The Social Security Disability Insurance (SSDI) and the Supplemental Security Income (SSI) are benefits programs designed for those who cannot provide for themselves. SSDI and SSI provide financial help for older or disable individuals who, for reasons out of their control, are unable to work. However, the requirements needed to apply for these two programs are very different.
Social Security Disability Insurance (SSDI)
Social Security Disability Insurance is supplied to citizens in need through payroll taxes. The eligible individuals for this kind of help have worked for many years and have made contributions to Social Security over the years.
Those who can apply for SSDI are individuals younger than 65 who have worked in the past, earning work credits. If these individuals have been paying FICA Social Security taxes, they are considered “insured,” and they can benefit from this type of help.
These benefits become available to the claimant only five months after the disability has been declared, and the amount of money one can receive per month depends on income and possessions.
Supplemental Security Income (SSI)
Supplemental Security Income is a different program created by the government that supplies help to certain low-income citizens that can’t work because of disability, old age, or other reasons out of their control. Moreover, the SSI program has nothing to do with your work history, and it is granted only due to present financial and personal conditions.
Unlike the SSDI program, SSI is aimed at those who are in need of help because their possessions and incomes are minimal. For someone to receive this sort of payment, the SSA will examine all possessions, properties, and income to check whether this is below $2,000 in value for each individual.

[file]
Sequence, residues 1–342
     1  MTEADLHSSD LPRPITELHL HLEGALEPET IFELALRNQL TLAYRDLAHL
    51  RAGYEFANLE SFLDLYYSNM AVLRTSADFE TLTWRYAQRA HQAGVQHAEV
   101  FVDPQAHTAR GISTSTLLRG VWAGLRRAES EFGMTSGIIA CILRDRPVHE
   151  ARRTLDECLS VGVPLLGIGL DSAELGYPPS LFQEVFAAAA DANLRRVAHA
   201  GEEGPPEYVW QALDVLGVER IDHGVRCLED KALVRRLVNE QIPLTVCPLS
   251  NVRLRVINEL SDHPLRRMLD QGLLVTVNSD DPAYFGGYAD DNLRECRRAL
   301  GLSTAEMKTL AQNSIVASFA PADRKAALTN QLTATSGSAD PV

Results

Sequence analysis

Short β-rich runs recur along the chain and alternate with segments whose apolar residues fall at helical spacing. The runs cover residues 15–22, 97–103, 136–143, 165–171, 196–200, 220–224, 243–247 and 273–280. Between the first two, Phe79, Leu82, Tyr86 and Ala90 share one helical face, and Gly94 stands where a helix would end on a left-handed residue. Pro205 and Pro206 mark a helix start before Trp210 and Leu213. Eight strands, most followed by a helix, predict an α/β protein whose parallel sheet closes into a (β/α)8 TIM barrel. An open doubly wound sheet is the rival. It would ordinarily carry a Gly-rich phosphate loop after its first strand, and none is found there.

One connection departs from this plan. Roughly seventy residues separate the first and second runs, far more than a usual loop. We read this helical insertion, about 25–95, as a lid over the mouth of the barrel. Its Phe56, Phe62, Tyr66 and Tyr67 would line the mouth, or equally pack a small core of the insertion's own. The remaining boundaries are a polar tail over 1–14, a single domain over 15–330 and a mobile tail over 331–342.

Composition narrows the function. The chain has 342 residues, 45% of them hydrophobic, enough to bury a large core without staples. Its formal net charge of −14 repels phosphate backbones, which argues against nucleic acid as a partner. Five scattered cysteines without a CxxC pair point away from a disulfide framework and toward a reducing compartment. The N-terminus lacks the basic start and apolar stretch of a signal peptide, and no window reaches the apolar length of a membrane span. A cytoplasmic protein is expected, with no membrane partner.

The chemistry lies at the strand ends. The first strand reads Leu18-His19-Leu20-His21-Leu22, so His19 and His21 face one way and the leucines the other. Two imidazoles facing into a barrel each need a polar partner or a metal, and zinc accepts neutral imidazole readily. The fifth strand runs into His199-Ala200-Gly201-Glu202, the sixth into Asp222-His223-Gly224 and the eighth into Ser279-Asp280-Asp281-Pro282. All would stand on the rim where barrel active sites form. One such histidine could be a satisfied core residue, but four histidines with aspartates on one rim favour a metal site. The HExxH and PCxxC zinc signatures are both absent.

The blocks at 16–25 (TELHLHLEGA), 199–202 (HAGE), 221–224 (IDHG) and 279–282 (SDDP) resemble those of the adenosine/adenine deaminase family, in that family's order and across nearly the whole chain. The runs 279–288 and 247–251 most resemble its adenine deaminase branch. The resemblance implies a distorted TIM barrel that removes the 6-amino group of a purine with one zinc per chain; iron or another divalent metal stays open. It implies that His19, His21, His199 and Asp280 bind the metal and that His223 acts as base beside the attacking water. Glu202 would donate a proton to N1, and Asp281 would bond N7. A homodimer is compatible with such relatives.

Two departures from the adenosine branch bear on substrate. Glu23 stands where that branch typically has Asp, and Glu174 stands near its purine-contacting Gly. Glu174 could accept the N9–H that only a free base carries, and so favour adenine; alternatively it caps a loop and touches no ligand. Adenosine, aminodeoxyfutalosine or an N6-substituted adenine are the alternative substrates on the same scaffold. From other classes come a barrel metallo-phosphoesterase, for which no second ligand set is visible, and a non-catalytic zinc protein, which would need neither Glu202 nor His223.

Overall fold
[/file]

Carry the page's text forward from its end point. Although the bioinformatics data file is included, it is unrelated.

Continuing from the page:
The amount you can receive depends on how much your possessions are valued at, with a maximum of $783 per individual and $1,175 for a married couple.
The Difference Between SSDI and SSI
The main difference between the SSDI and the SSI programs is who is eligible, based on work history.
SSDI is dedicated to workers that are no longer able to provide for themselves because of disability. These workers must have been paying contributions and be younger than 65. In contrast, SSI supplies help to low-income people who cannot work.
Disability is also defined differently in each program, so you will need to check each program’s specific eligibility requirements before applying.
How Can a Social Security Lawyer Help?
When it comes down to applying for an SSDI or SSI help, leveraging a social security lawyer’s services can help you speed up the process and achieve the results you wanted much faster.
Indeed, in the case of SSI, the majority of the applications are initially denied, and the process of appealing can take over a year! Instead, with an attorney’s help on your side, you will be ready to supply all the evidence needed to win your benefits the first time around!